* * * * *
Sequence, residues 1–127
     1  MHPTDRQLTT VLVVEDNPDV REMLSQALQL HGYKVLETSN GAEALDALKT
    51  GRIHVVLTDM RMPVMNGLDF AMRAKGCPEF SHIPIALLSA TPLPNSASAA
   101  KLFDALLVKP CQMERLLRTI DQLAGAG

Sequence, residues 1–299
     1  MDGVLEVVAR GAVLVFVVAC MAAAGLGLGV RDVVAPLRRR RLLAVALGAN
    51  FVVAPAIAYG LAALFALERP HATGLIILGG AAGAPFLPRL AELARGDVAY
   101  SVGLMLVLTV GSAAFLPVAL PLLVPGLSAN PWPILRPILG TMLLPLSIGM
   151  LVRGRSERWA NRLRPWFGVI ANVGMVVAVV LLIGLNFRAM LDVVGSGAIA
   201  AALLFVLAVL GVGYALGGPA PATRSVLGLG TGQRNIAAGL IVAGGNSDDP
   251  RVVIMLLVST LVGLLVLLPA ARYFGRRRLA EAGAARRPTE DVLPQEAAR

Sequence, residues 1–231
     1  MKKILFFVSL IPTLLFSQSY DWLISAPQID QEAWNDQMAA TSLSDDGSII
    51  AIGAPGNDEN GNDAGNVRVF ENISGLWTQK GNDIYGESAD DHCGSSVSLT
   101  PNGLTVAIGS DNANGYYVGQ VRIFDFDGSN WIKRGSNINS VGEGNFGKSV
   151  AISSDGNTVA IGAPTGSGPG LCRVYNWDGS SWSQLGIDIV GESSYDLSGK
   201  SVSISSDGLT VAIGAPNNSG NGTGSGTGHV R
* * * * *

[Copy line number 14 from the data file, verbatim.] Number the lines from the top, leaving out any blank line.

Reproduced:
    51  AIGAPGNDEN GNDAGNVRVF ENISGLWTQK GNDIYGESAD DHCGSSVSLT